Despite being told there would be jumpers practicing "soon", after 30 minutes or so waiting with a group of fellow visitors we gave up and proceeded back to the car. It was now just after 3:00, but rather than beginning the 4ish-hour drive back, we made one more unplanned stop at Mount Van Hoevenberg, location of bobsled/luge/skeleton events. I had heard that an international bobsled race (free admission!) was happening today and since our return route passed right by anyway, I was hoping to catch a glimpse, even if only for a few minutes.
Not really sure what to expect, we arrived in a gravel parking lot which was so horrendously potholed that proceeding 1/10 of a mile made me cringe for my car's well-being. The base of the hill, which was comfortably similar on both my mid-90s and 2016 trips, was unrecognizable to the point of being surreal. Trying to get my bearings, a shiny black suburban pulled up in front of us. The window descended and the driver - a small, round white-bearded man - called out, "going up?". Completely flummoxed, I uttered what I hoped was a decisive "yup!". We then promptly got in the middle-row seat of a stranger's vehicle that looked like it was fit for a presidential motorcade. But the man looked like Santa so it was OK, right?
The bizarre incident had a thoroughly anticlimactic ending. He dropped us off perhaps 2/3 of the way up the hill. We watched a single bobsled go by with a metallic whoosh, and realizing we were basically out of time, started walking back down. Soon enough we were picked up by a different black Suburban to whisk us back to the parking lot. I had been hoping to check out a few more sleds as we went, but pretty much the entire track is now covered, rendering this impossible. Everything about our half-hour or so at the track was kooky and completely unexpected, e.g. how much this place had changed in 7 years, and the fact that they had $65,000 vehicles with chauffeurs for petty spectators but couldn't grade the parking lot. We had plenty of time to process the changes on our long drive home.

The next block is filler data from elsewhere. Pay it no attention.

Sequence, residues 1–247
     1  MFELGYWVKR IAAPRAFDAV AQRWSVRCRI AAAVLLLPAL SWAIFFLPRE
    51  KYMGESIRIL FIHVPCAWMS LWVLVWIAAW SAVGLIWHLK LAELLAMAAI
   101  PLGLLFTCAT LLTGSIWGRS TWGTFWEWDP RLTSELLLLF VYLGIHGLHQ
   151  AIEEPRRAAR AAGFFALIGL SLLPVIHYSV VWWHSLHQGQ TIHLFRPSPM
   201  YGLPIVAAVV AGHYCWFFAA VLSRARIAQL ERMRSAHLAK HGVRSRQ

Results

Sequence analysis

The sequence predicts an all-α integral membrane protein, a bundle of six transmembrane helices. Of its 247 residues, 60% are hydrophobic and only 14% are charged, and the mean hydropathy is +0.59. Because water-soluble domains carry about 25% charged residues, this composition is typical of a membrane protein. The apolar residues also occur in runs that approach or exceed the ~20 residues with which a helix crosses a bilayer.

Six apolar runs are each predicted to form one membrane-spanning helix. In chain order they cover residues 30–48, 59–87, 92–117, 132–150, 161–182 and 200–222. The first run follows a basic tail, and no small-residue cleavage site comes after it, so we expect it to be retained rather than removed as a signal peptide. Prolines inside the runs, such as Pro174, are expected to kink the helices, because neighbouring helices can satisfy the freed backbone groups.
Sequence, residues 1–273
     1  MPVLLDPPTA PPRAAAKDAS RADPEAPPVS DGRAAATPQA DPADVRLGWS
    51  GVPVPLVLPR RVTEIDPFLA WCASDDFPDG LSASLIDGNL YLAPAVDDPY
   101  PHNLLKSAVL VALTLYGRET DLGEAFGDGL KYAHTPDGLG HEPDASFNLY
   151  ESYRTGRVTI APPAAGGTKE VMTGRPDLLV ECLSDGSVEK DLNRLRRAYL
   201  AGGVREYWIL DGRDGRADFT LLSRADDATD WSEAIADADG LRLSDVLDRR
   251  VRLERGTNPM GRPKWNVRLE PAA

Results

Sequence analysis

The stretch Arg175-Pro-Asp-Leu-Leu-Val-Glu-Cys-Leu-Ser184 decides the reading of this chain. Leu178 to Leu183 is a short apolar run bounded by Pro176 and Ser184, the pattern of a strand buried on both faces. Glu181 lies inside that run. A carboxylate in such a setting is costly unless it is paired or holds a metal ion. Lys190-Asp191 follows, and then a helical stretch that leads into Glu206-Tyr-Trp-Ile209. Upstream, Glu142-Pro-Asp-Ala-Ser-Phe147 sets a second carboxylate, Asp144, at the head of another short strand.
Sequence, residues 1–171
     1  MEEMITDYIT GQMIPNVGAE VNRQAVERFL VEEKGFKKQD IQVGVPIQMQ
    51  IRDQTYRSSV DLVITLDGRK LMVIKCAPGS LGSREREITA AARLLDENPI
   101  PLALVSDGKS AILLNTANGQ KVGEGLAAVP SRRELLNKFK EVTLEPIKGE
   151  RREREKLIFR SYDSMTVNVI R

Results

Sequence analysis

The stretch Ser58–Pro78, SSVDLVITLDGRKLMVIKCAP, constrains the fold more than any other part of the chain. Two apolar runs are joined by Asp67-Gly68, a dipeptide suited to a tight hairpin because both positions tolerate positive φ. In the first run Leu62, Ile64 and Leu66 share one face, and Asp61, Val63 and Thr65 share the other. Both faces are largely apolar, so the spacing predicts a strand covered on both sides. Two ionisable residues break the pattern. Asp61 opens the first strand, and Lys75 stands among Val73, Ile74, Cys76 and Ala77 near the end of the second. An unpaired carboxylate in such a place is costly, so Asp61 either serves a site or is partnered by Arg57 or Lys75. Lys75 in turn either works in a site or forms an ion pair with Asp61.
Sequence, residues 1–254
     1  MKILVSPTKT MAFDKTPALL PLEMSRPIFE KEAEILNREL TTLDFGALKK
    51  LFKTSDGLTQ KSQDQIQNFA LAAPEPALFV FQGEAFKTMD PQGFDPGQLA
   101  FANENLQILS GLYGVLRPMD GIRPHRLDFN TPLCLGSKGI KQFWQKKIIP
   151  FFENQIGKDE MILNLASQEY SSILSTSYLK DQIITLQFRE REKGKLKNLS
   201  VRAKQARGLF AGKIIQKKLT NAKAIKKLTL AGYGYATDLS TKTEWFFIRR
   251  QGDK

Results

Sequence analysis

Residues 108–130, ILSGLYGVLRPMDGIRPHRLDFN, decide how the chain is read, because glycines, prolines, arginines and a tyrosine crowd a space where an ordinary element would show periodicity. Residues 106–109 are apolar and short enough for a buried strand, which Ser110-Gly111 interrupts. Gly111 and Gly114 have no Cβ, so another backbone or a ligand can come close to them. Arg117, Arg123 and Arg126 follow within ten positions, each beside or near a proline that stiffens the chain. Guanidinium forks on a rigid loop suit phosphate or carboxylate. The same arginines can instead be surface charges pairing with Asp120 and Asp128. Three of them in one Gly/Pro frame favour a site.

We took a different route back, a gloriously scenic NY Route 73 to I-87 - better known in these parts as "The Northway" - before alternating eastward and southward zigzags and crossing back into New England via Whitehall, NY. The halfway point of the return journey was Rutland, one of the Green Mountain State's largest cities (population: 15,807). It also happened to be Maddie's hometown.
At first blush, this small city had a grittiness in keeping with its blue-collar name. However, after hearing Maddie's insider's take on the place, I got a more nuanced impression. We had dinner at Roots the Restaurant, a stylish but down-to-earth downtown spot whose name was perfectly appropriate for Maddie's history here. I had a salmon-over-risotto dish that was sumptuously delicious.
Upon finishing, she gave me a quick walking tour of downtown, just as the sun sank beneath the horizon. The word that kept coming to mind was "solid". Rutland felt bigger than its population would suggest, with handsome, staunch architecture and urbane street art suggesting a city of perhaps twice its size.
The more she told me, the more parallels I drew to my own hometown of Laconia. A first-time visitor is limited by first impressions that, while valuable, cannot possibly capture the intricacies of a city or region. Rutland and Laconia's populations and central locations in their respective states are eerily identical, as are their blue-collar backgrounds and even proximity to tourist areas (Killington, Lake Winnipesaukee). The word "potential" kept coming up as well. The character of Northern New England's small cities - even if obscured by years or decades of neglect - was still visible, and with some elbow grease and polish possess distinctive, memorable senses of place.
When we had decided on Roots, Maddie accurately predicted that it wouldn't be crowded, and that basic chain restaurants would prove more popular. Sure enough, as we proceeded east on our final leg of the journey, we passed an Applebee's. It was packed.
Were Lake Placid's changes really as big and bold as they seemed to me, or was I just getting old? Places and people develop, grow, and move forward. Personally I've found that neither extreme - bitter resistance on the one hand, or simply accepting ALL change as inevitable on the other - is the best path forward. Rather, like my nuanced impressions of Rutland, discerning the best pieces of history to venerate while maintaining a willingness to evolve is the goal. It's seldom easy, but with some effort can lead to a healthy existence - and some wonderful day trips. No miracle required.